An excellent drying day; a continuation of yesterdays howling winds saw an almost complete halt in migration on the land. In fact, not a single bird was trapped in over 8 hours of trying (admittedly we could only get a very small selection of the more sheltered nets open), and just the one Spotted Flycatcher was present within the garden. Once again, however, the sea was more eventful with the first Storm Petrel for the Bill sighted in the late morning as well as two apiece of Great and Arctic Skua. As will presumably be the norm now for the majority of the breeding season, the gull flock continued to draw in a couple of species of interest including four late Common Gulls and a Yellow-legged Gull. Hopefully the slight drop in wind forecast for the morning will generate some more 'birdable' conditions. 

22nd May

With the wind having picked up substantially from the south-west overnight, coupled with a thick bank of cloud and some light drizzle, expectations for the morning were higher than in recent days. Hope was to be short-lived, however, when the first inspection of the garden nets revealed no birds whatsoever. Land-based migrants were thin on the ground with a trickle of Spotted Flycatcher passage - amounting to eight birds - being the highlight of the first half of the day. The afternoon brought a modicum of delight with a 'chipping' Tree Sparrow managing to narrowly avoid the canopy net before heading on its way. The change in wind did bring some much desired variety to the sea with combined island totals of three Puffins, two each of Bonxie and Arctic Skua, and singles of Great Northern Diver and Balearic Shearwater.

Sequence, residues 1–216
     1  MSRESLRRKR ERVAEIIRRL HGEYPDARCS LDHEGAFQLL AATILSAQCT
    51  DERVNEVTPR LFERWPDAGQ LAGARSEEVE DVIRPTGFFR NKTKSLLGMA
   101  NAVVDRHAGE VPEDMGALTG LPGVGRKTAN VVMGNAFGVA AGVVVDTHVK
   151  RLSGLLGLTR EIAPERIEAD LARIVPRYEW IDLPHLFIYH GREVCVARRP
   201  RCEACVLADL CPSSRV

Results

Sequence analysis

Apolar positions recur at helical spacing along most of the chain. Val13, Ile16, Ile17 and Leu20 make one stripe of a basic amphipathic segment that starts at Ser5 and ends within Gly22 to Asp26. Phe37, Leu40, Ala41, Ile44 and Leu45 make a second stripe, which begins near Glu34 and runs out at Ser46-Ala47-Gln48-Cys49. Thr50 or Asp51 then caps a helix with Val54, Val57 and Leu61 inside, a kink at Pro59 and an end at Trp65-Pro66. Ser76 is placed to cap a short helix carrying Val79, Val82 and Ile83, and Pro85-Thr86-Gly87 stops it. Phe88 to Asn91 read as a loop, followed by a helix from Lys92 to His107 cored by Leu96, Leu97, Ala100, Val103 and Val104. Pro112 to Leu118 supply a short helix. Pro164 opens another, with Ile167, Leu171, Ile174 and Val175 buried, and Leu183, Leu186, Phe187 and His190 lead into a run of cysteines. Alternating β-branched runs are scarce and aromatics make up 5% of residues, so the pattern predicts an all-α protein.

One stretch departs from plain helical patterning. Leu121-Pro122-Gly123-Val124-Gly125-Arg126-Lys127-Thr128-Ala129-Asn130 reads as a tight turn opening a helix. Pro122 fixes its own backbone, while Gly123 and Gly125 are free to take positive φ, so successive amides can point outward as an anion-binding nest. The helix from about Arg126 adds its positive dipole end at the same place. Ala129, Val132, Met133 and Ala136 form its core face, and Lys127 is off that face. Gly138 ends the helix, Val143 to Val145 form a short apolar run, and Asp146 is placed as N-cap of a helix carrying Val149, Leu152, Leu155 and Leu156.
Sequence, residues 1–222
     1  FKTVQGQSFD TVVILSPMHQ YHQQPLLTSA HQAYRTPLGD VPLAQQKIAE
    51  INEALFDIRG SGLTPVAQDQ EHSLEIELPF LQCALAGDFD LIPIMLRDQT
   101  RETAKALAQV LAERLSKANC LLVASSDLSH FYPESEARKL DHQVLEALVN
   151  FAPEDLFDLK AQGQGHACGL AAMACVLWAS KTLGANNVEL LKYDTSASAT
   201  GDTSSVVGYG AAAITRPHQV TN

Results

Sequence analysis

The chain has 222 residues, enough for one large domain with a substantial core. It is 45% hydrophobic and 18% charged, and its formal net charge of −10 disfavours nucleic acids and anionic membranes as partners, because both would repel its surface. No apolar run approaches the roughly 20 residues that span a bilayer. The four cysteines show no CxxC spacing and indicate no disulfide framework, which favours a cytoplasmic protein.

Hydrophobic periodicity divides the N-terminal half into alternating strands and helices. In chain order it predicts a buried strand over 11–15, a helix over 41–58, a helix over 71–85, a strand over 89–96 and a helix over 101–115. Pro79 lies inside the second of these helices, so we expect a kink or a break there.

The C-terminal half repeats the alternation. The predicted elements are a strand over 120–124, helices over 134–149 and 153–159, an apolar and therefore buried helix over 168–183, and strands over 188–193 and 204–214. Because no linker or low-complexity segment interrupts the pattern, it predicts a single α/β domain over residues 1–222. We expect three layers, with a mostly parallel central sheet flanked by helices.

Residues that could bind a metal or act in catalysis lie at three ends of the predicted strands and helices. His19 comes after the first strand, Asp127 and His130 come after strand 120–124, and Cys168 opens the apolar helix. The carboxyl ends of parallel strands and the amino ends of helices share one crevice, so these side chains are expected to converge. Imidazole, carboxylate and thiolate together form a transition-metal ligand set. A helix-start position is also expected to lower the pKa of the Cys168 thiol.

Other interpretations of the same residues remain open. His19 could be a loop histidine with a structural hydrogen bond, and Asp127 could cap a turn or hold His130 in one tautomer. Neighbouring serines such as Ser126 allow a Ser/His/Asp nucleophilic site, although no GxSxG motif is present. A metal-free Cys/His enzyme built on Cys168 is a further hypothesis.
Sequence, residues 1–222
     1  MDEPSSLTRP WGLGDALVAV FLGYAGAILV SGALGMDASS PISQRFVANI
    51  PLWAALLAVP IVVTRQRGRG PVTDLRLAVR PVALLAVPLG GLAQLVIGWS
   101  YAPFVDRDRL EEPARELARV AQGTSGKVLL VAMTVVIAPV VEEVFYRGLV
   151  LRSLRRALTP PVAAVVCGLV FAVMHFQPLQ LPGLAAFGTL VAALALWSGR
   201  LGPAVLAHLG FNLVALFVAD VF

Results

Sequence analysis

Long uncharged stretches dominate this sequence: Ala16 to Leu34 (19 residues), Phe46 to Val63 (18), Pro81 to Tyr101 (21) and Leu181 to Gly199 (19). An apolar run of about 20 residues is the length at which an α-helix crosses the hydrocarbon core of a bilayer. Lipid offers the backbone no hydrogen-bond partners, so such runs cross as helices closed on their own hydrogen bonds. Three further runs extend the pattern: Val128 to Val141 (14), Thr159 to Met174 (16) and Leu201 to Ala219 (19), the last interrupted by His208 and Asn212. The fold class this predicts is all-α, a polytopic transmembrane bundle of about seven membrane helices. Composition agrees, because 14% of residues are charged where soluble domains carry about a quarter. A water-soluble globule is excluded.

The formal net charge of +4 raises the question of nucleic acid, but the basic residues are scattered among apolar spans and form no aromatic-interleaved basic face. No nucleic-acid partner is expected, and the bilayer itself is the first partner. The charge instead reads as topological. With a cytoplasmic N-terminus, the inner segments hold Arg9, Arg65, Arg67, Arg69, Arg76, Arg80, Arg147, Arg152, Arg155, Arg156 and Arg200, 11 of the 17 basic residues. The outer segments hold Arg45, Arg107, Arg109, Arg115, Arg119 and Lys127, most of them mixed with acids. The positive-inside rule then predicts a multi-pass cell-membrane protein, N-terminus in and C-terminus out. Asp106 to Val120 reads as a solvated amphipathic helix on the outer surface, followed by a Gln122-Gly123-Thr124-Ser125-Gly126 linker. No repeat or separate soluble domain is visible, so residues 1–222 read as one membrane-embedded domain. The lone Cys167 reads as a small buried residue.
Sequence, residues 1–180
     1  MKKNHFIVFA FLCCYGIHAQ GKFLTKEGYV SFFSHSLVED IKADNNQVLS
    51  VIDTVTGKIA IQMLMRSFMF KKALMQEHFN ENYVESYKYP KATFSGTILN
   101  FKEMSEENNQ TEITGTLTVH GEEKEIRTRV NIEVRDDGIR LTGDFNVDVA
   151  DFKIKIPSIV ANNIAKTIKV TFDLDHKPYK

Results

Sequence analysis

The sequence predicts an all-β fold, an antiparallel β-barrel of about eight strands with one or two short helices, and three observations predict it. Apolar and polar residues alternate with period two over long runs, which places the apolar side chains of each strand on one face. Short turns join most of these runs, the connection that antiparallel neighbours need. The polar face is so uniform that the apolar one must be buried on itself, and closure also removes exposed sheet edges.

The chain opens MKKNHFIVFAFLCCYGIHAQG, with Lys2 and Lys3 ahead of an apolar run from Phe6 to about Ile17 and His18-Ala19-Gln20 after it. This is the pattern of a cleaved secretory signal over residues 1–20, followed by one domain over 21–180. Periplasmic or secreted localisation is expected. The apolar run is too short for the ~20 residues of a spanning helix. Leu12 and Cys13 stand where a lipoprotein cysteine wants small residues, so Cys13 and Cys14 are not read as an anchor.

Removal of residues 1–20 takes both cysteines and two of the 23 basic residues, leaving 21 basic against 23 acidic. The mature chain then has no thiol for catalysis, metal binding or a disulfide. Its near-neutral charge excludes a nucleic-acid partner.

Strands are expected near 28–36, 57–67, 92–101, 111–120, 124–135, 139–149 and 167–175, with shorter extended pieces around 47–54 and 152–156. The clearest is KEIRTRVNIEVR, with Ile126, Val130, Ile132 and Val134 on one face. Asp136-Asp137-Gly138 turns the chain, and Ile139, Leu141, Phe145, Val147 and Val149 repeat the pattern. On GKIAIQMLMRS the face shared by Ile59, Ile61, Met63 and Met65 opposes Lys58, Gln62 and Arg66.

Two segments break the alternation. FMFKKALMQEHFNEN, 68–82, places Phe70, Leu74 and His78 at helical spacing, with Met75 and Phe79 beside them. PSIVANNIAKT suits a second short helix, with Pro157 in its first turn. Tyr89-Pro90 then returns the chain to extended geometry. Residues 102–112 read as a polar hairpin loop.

Despite seemingly propitious conditions over the last couple of days immigrant moth interest has been almost non-existent but the moth-traps have been getting a lot busier with routine fare including one or two of the local specials. Portland seems to the best site in Dorset for the usually pretty scarce White-line Grey Eudonia lineola which is - at least if you see it as often as we're fortunate to - one of the slightly more distinctive of this often tricky group of pyralids:

Also just out, slightly ahead of time by the look of our records, is Thyme Pug - this one was from John Lucas' moth-trap at Sweethill yesterday morning; in Dorset, Thyme Pug looks from the literature to be pretty well confined to Portland and the tip of the Purbecks © Martin Cade:

As a follow up to the photo we posted a week or so back of an apparent juvenile Swallow migrating along West Cliffs we were really interested to hear from Obs member, Chris Stone, who sent us through some photos of a juvenile Swallow that's been frequenting his area at Sudbrook, near the Second Severn Crossing, for the last week or so; this one has been begging from the adult Swallows in the vicinity (...we don't know if these are just random adult Swallows or whether they're actually its parents). Presumably it's way too early for this to be a British-bred bird so we're guessing it must have come from a very early spring nest in southern Europe © Chris Stone

21st May

Another lovely warm, sunny day provided another nice raptor highlight in the form of a Red-footed Falcon though at Chesil Cove during the evening. Yesterday's Corn Bunting lingered on at Reap Lane but new migrant interest on/overhead on the land consisted of little more than two each of Hobby, Willow Warbler and Spotted Flycatcher, and singles of Sedge Warbler, Reed Warbler, Chiffchaff and Siskin. Signs of life from the sea included 25 Common Scoter, 21 commic terns, 3 Common Gulls and singles of Red-throated Diver, Grey Heron and Whimbrel.

Whitethroat and Wall butterfly at the Bill today © Roy Norris:

20th May

Birding was hard work today on what was another gloriously sunny day - the warmest of the year to date - but there were one or two rewards to be had. A Honey Buzzard through over Easton stole the show, with a Corn Bunting at the Obs and later at Reap Lane trailing a rather distant second. Commoner migrants were as thinly spread as in recent days, with 3 Yellow Wagtails, a Reed Warbler and a Spotted Flycatcher as good as it got around the centre and south of the island where visible passage was strangely subdued, with very few hirundines making the most of what looked to be ideal migration conditions. A single passing Great Skua was the only seabird of note off the Bill.

Today's Honey Buzzard over Easton - a fine specimen of one of the very best scarce migrants © Mark Litjens: